Old Barn

Discussion in 'Homesteading Questions' started by city_grown, Dec 28, 2005.

  1. city_grown

    city_grown Active Member

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    Union County, NC
    Any suggestions on what I could do. It doesn't seem like it will fall in anytime soon. Years of just having renters or nobody at the farm and me never thinking I would want to move to the country. The middle seems to be the only rotten part.





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  2. brosil

    brosil Well-Known Member Supporter

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    I don't know if it's nationwide but there is a group called Barns Again that can help with specialized contractors for barn restoration. At least, you might be able to afford a survey of it to determine if it's really worth saving.
     

  3. Sammy

    Sammy Well-Known Member

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    Save it if you can. They just don't build them like they use to.
     
  4. bachelorb

    bachelorb Well-Known Member

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    Anderson, Alabama
    It depends where you live. I've shored up an old barn at a place I've just bought. The problem down here is termites. I need to replace all the corner posts and some sills. Its not that expensive, just time consuming. I found an old foundation under mine, but over the years, the dirt built up around it allowing the termites to attack.
    Barn

    If your foundation is good, and the load bearing walls are not rotted, I'd just put a steep pitched gable roof on it. If you have timber around there, you can usually find a local sawyer with a portable mill that could saw up everything you need to fix it for under $250.00 ( at $.17 per board foot).

    I have found that for the most part, buildings like this look worse then they really are.
     
  5. fordson major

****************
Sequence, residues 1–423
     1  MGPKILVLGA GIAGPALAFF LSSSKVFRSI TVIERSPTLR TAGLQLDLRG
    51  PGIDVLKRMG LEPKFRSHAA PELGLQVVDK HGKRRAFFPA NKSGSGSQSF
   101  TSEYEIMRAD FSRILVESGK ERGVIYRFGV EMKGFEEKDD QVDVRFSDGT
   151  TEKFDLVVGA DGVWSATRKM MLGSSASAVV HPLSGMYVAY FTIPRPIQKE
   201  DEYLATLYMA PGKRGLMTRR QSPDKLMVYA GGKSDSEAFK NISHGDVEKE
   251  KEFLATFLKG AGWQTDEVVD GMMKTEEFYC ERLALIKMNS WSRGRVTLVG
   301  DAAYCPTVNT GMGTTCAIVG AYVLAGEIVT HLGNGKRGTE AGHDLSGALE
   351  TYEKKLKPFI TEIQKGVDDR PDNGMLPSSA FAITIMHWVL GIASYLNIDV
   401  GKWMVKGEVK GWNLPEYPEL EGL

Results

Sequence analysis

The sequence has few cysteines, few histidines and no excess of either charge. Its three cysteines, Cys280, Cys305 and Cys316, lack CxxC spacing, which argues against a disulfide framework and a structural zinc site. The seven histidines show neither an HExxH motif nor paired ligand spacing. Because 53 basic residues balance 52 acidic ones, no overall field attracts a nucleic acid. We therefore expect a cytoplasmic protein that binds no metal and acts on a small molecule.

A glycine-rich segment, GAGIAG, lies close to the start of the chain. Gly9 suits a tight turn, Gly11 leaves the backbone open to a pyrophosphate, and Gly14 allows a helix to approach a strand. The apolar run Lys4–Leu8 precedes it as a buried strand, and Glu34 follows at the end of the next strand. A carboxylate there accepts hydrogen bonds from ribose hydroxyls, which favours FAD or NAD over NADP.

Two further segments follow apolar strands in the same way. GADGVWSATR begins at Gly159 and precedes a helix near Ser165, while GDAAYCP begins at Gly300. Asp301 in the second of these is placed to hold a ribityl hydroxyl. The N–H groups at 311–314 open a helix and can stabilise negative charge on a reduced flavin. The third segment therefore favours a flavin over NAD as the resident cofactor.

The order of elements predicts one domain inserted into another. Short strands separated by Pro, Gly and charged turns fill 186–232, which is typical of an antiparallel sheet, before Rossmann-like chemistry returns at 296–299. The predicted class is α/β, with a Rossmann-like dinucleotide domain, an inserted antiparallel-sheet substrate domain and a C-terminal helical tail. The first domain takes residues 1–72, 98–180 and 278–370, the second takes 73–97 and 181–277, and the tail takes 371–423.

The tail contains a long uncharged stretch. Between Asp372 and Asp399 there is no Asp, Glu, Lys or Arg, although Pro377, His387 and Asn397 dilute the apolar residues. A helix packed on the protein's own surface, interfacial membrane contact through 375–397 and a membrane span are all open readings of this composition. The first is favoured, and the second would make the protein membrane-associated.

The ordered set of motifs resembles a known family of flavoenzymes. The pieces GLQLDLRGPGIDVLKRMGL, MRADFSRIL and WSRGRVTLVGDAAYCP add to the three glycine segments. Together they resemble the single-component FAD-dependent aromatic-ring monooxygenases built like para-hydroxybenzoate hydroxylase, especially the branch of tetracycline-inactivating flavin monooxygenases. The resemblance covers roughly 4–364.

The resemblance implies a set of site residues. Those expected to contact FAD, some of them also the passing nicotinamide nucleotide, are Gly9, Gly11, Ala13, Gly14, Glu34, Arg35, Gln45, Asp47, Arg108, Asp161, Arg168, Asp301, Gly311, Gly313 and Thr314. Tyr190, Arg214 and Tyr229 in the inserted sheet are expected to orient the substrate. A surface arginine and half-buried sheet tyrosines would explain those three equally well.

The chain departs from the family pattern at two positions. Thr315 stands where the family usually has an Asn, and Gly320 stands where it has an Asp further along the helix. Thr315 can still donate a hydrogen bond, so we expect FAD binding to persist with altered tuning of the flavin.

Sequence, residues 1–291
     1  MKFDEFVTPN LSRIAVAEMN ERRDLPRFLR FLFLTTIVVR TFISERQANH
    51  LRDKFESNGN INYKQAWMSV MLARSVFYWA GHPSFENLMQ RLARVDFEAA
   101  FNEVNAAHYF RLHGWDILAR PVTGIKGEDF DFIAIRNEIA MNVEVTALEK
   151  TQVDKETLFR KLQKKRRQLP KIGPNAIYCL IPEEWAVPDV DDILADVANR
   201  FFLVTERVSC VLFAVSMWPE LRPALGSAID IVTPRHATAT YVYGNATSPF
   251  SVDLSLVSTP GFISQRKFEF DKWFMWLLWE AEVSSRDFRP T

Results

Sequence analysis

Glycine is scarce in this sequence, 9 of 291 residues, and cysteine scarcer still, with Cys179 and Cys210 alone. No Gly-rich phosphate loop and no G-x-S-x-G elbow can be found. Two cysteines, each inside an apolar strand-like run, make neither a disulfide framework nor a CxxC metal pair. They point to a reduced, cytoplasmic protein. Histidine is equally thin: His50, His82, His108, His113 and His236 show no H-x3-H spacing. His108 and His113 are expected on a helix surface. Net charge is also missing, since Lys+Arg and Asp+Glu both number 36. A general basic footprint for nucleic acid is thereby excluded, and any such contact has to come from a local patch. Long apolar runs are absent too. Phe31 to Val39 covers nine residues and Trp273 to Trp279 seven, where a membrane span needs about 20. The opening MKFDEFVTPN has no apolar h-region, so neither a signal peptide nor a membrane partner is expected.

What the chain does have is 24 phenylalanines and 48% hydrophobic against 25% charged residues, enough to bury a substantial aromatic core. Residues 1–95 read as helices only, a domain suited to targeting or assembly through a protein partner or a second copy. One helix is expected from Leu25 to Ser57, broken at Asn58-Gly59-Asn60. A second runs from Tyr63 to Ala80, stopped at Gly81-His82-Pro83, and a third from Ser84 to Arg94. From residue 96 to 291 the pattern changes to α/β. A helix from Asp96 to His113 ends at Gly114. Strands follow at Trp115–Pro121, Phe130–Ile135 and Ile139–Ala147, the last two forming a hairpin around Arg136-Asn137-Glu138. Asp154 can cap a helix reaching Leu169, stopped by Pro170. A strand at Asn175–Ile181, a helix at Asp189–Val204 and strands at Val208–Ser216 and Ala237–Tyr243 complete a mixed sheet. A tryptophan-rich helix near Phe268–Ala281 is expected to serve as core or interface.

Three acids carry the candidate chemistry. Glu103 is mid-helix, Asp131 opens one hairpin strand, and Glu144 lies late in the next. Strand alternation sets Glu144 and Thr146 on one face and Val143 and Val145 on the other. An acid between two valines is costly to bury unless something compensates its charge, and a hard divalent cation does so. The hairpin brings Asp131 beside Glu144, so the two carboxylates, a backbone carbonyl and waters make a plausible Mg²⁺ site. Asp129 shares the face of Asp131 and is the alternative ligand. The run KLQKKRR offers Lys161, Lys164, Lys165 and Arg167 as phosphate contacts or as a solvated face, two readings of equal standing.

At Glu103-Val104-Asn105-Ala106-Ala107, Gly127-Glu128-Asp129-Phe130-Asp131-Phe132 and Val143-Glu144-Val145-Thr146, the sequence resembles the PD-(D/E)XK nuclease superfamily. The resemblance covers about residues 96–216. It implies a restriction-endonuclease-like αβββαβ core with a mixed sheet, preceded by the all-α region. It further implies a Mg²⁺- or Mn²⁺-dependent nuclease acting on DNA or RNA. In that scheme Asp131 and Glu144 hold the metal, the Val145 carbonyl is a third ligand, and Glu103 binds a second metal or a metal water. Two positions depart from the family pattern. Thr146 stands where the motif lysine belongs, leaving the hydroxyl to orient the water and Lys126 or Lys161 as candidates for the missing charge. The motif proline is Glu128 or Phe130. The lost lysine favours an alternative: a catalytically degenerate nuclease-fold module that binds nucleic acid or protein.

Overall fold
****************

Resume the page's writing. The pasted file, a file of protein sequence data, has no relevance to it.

fordson major construction and Garden b Supporter

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    i would look into fixing it but first things first! get a tarp over the roof and start sabilizing the walls! do not remove debris till you are sure the walls will not cave in. there are many barn rebuilding contractors , depends on where you are and what you can spend.
     
  6. Highground

    Highground Well-Known Member

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    Seein as yer in NC, I'd check and see if it's made of Chestnut. If it is, it's worth a bundle of money.
     
  7. SteveD(TX)

    SteveD(TX) Well-Known Member

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    It's definitely a dangerous undertaking to rebuild a barn like that before checking it out thoroughly for soundness. Have it checked by a professional if you aren't sure and get their recommendations.
     
  8. agmantoo

    agmantoo agmantoo Supporter

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  9. sisterpine

    sisterpine Goshen Farm Supporter

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    there are folks and places that pay very good money for old barn wood if yours cannot be repaired. maybe you can make enough money to build a smaller barn?
     
  10. clovis

    clovis Well-Known Member

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    I would save it. You need to get the thing covered to keep the rain out of the barn, or you will lose the whole thing.
    I don't think it will cost all that much to fix and repair, especially if you use a sheet metal roof.